High-end apartment renters surging in D-FW and U.S.

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Almost a dozen new Dallas-area apartment projects on the way are aimed at high-income renters.

These high-rise buildings fetch rents many times what the standard local apartment goes for.

More than 4,000 of these super-luxury apartments are just opening or on the way in North Texas.

It’s a good thing then that high-income renters are the fastest-growing segment of the U.S. housing market, according to a new report by Apartment List.

The apartment marketing firm says that the number of rental households earning $100,000 or more has grown 48 percent in the U.S. since 2008.

"Over the past 10 years, the U.S. has seen a dramatic increase in the number of high-income renter households, from 3.8 million in 2008 to 5.7 million in 2017," Apartment List researcher Rob Warnock said in a new report. "Renter households earning six-figure salaries have become more common in nearly every segment of the country, from major metropolitan cities to the suburban and rural areas in between."

Of course, with soaring apartment costs in many major U.S. metros, you’ll need a six-figure salary to pay the rent.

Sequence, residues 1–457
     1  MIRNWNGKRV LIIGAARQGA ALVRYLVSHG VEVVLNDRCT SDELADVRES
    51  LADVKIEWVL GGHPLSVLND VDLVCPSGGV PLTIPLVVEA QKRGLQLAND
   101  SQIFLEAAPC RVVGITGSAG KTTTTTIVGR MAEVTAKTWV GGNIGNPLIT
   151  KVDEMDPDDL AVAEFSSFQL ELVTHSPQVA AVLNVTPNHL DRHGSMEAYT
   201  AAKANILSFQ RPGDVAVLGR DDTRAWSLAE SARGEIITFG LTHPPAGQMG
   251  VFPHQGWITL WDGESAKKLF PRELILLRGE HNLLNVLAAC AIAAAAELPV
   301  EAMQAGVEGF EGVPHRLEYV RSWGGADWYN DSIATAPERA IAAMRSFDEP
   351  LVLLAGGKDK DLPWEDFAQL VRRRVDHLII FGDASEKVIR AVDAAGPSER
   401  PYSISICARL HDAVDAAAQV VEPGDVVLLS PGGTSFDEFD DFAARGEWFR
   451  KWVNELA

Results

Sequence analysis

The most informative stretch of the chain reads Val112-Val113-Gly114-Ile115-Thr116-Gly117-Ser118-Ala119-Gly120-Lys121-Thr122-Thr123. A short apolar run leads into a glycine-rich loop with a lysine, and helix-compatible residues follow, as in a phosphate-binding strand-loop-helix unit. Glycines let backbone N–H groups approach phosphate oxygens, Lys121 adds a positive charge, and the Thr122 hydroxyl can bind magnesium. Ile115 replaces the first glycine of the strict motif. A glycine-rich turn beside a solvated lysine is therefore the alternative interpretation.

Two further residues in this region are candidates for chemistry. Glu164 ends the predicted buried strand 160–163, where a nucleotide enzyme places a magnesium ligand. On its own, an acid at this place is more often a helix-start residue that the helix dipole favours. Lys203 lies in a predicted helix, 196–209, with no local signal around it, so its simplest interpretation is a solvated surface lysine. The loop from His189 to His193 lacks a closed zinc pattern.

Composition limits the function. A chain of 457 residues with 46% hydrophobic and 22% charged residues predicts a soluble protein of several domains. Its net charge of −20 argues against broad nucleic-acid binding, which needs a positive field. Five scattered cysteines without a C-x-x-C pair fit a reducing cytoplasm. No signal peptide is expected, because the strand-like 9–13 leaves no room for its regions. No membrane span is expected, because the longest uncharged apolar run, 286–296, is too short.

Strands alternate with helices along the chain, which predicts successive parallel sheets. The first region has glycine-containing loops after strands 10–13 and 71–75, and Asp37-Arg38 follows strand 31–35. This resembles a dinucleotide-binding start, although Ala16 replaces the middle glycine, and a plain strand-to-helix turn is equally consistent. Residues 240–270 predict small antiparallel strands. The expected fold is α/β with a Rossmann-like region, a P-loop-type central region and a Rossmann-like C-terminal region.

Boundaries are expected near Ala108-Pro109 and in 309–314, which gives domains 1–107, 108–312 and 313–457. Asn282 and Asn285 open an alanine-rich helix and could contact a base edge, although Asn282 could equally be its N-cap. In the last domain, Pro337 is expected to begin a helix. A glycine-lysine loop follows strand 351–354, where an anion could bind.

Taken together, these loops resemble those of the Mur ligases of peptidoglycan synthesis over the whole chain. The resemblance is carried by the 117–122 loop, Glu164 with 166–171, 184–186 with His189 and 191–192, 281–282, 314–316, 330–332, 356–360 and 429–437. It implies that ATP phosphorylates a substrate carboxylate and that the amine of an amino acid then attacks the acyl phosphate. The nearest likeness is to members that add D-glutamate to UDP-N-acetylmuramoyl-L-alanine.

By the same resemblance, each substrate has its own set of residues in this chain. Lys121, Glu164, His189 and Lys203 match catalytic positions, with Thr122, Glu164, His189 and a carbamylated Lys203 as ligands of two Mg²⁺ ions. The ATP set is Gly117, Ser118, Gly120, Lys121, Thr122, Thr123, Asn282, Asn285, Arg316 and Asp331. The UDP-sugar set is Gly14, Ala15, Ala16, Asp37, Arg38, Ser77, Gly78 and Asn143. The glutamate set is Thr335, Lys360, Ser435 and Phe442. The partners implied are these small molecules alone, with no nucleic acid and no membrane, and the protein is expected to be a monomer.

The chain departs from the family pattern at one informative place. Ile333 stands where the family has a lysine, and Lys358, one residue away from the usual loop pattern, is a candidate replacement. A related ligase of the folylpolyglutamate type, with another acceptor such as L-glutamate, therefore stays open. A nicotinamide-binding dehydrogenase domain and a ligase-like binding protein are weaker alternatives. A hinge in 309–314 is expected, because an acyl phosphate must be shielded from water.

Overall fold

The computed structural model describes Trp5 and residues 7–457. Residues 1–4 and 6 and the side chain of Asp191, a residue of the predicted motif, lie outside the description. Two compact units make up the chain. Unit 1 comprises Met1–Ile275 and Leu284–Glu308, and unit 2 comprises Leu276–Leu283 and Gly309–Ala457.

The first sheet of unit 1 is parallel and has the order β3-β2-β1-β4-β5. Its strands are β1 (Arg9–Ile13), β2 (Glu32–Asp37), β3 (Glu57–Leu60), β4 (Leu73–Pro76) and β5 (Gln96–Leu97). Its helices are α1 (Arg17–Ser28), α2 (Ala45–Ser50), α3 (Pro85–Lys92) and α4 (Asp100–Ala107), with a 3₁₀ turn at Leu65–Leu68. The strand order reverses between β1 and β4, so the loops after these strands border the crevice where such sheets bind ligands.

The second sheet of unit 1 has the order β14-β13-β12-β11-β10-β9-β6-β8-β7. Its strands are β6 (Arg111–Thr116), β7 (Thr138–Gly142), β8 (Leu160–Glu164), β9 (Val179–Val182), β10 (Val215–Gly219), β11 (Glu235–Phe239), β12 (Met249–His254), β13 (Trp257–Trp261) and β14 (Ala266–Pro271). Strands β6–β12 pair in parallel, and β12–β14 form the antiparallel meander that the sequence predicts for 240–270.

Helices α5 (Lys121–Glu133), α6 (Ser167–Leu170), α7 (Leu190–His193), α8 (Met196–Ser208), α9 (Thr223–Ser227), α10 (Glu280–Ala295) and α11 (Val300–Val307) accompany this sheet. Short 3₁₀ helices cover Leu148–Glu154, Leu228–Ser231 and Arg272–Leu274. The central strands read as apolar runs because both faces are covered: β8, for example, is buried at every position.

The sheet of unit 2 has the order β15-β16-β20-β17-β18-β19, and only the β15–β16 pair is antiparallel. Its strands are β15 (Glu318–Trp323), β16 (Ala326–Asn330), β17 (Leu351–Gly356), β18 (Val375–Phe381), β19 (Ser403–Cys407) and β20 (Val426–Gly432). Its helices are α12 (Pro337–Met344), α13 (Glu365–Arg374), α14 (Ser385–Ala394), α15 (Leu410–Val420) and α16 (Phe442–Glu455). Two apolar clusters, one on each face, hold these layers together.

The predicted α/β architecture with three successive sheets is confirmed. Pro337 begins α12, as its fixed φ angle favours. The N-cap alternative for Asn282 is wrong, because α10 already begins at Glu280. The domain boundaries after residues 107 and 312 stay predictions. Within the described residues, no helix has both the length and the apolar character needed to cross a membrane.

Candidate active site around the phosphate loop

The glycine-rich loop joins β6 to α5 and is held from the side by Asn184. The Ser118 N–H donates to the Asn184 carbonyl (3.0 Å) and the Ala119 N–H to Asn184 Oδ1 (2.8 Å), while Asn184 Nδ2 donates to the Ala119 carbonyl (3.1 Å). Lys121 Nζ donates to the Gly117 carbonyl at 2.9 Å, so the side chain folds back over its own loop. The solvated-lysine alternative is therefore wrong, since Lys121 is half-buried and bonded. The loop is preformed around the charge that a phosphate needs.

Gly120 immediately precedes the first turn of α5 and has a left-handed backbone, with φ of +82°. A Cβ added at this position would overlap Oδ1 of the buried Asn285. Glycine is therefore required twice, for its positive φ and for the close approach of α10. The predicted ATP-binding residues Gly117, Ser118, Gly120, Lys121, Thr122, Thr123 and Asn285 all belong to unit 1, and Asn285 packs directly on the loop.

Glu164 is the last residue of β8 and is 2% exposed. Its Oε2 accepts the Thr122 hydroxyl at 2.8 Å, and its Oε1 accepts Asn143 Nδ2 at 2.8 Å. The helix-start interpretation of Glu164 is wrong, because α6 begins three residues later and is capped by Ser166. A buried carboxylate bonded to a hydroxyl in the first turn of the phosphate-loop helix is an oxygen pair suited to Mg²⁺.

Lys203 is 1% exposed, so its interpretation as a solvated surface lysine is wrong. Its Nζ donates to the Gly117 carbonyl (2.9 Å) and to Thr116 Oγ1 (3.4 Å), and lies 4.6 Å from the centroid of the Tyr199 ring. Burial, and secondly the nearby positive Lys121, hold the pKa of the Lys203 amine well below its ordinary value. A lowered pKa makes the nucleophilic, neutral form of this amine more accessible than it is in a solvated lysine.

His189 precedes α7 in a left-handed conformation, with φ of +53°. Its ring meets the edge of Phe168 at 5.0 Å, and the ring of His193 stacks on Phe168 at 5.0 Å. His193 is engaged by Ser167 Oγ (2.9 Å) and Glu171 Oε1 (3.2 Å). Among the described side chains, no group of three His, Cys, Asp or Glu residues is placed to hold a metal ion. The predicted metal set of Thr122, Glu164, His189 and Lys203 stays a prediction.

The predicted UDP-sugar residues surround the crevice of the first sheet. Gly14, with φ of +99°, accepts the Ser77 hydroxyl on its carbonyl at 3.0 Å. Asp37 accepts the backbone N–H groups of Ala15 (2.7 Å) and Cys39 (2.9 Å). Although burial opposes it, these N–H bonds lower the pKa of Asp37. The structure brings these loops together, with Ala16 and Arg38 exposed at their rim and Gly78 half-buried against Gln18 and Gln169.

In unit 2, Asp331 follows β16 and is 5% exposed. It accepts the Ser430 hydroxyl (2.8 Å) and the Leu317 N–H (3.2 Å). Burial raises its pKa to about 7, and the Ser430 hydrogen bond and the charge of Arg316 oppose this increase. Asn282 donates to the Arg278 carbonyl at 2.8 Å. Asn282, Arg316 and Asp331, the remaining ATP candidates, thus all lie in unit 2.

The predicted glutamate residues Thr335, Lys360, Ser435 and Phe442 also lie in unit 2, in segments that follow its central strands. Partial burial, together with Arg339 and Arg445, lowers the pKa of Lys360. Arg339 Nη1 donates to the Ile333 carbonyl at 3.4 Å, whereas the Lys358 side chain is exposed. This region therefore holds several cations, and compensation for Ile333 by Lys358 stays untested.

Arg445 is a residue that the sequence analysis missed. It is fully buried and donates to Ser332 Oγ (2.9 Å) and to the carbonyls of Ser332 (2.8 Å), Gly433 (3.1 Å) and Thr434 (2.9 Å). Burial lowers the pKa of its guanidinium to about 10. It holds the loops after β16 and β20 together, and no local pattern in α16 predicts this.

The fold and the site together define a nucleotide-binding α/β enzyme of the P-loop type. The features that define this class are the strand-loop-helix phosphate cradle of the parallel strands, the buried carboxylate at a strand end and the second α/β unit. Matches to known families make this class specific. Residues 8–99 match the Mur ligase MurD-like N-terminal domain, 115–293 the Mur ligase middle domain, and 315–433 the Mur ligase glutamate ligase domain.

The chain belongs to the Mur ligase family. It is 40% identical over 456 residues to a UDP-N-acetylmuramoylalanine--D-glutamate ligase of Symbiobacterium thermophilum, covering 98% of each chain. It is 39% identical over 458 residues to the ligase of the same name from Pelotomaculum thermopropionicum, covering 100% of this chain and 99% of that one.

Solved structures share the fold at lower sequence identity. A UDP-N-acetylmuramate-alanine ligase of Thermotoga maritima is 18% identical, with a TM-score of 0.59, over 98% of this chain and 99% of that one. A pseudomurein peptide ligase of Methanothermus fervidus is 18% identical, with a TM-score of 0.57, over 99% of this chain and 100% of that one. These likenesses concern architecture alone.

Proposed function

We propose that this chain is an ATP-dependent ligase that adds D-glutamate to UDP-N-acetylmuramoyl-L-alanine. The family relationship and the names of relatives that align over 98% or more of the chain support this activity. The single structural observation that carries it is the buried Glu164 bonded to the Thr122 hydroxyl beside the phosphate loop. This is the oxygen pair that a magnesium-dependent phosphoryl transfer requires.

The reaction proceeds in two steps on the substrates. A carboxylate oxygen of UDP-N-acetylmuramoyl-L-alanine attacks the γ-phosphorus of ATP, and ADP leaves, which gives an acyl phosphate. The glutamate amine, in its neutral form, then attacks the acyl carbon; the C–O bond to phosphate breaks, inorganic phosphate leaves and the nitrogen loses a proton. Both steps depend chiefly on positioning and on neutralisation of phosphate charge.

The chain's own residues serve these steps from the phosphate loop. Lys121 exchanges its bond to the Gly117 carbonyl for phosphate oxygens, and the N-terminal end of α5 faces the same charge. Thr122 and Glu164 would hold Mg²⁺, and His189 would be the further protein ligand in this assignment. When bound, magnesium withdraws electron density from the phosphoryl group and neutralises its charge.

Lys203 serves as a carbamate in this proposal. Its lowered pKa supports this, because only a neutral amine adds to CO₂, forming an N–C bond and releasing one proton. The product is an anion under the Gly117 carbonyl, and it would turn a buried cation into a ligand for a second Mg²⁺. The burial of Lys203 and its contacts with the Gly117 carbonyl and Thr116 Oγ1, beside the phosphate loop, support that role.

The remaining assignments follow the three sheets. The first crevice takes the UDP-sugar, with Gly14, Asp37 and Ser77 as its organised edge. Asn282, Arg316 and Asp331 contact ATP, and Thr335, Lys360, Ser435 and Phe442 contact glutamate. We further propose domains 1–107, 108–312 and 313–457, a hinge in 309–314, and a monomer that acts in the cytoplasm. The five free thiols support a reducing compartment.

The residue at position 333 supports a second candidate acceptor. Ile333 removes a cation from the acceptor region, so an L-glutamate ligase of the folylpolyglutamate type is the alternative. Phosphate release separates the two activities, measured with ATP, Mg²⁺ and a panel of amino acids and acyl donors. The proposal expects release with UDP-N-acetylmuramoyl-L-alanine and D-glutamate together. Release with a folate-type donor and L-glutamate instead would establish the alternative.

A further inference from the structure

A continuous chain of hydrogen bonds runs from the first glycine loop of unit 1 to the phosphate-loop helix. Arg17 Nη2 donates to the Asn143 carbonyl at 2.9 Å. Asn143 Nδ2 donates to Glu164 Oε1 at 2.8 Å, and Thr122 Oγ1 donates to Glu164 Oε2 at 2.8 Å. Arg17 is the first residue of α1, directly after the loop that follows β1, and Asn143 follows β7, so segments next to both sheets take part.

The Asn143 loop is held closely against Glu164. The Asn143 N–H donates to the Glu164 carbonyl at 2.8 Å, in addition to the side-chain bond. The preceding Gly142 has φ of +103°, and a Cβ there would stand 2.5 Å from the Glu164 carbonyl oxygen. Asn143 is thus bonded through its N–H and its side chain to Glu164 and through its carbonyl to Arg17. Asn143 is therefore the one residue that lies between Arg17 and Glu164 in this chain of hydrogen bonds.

But since the housing crash of a decade ago, an increasing number of older, well-off urban residents have been trading homeownership for a rental lifestyle in new luxury buildings.

Empty nester and boomer residents are showing up in apartment projects that a decade ago were aimed at mostly young renters.

Some U.S. metro areas have seen a huge spike in high-income renters. The number of high-income renters has grown by more than 100 percent in markets including Denver, Austin, Oklahoma City and New Orleans, according to Apartment List.

In the D-FW area, the number of high-end renters jumped more than 90 percent during the same period.

"High-earning households are not the only expanding renter group," Warnock said. "The total number of renters in the U.S. has grown 15 percent over the past decade, with new renter households being formed at all income levels.

"High-earners, however, entered the rental pool significantly faster than others, resulting in a sizable shift in the population."

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